Interaction of liquid copper with sintered iron compacts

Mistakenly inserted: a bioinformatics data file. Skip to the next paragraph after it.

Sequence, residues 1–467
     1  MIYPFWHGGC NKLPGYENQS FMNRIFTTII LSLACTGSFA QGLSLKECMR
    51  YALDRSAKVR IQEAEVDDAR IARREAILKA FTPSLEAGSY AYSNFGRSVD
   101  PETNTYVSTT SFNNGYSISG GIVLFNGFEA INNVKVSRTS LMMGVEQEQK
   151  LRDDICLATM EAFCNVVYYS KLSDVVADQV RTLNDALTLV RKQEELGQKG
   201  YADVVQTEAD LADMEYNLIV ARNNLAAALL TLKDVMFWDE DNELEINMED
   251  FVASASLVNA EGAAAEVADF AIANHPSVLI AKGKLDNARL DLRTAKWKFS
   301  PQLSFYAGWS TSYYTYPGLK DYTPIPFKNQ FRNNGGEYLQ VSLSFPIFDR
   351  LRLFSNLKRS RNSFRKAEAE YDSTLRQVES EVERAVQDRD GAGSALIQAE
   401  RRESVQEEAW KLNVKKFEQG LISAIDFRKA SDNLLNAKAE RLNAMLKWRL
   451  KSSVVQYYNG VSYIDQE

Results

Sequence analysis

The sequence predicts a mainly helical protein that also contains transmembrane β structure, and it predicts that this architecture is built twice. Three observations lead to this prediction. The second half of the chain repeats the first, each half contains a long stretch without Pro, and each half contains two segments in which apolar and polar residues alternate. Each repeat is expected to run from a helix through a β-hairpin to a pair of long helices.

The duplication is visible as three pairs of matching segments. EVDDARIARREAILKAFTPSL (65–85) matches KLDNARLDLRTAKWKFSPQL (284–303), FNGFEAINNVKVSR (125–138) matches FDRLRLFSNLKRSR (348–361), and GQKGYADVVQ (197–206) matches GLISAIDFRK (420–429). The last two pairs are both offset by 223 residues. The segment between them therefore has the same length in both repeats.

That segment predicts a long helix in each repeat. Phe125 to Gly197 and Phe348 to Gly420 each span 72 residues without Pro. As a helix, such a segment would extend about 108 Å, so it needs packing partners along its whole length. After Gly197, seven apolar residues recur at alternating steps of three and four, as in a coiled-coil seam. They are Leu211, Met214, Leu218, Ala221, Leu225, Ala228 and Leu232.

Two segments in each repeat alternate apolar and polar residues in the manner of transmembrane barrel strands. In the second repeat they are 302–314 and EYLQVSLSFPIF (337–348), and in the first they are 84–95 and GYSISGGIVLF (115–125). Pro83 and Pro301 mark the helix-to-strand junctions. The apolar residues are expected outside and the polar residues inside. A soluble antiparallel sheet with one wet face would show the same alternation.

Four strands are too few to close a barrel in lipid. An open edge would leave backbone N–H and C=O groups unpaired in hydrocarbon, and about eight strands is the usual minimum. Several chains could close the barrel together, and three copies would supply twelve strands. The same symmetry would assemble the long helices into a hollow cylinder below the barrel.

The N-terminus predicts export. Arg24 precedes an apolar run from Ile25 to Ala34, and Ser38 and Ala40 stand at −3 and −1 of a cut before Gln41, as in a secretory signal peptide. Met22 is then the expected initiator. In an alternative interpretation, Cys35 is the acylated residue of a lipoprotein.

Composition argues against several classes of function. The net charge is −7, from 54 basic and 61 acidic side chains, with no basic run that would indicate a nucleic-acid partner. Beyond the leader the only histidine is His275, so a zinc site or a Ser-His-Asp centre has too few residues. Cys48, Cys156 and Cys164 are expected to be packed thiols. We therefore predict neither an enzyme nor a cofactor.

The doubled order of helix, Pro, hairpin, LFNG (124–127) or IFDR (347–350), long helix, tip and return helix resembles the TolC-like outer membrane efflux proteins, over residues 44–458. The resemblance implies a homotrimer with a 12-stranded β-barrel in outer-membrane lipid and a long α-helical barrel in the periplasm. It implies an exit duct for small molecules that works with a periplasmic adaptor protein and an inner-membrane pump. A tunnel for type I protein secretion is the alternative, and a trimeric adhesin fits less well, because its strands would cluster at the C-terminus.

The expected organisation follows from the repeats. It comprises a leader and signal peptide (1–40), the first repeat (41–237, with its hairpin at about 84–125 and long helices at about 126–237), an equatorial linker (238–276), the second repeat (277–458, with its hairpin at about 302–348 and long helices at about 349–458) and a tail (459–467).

Interaction of liquid copper with sintered iron is important in brazing, liquid phase sintering and infiltration. In brazing, the penetration of liquid copper into the pores is to be `avoided', whereas in infiltration processes it is `encouraged', and in liquid phase sintering it should be `controlled' so that optimum mechanical properties are achieved. The main objective of the research is to model the interaction by studying the effect of the process variables on the mechanisms of copper interaction in Fe-Cu and Fe-Cu-C systems. This involves both theoretical and experimental considerations. Dilatometric investigations at 950, 1125 and 1200oC, together with metallographic analyses were carried out to clarify the copper growth phenomenon. It is shown that penetration of liquid copper into the iron grain boundaries is the major cause of dimensional changes. Infiltration profiles revealed that copper penetration between the iron interparticle contact points and along iron grain boundaries is a rapid process. The extent of copper penetration depends on the dihedral angle. Large dihedral angles hinder, and small angles promote copper penetration into the grain boundaries. Dihedral angle analysis shows that the addition of 0.6wt.% graphite reduces the number of zero dihedral angle from 27 to 3o and increases the mean dihedral angle from 9.8 to 41.5o. The dihedral angle was lowest at 1125oC and then increased to higher values as the system approached its equilibrium condition. Elementally mixed (E.M.) Fe-Cu compacts showed a rapid expansion at the copper melting point. However, graphite additions reduced compact growth by increasing the mean dihedral angle. In order to reduce the copper growth phenomenon, iron powder was coated with a thin layer of copper by an immersion coating (I.C.) technique. The dilatometric curves revealed an overall shrinkage in the I.C. compacts compared to their corresponding E.M. compacts. Multiple regression models showed that temperature had the most effect on dimensional changes and density had the most contributing effect upon the copper penetration area in the infiltrated powder metallurgy compacts.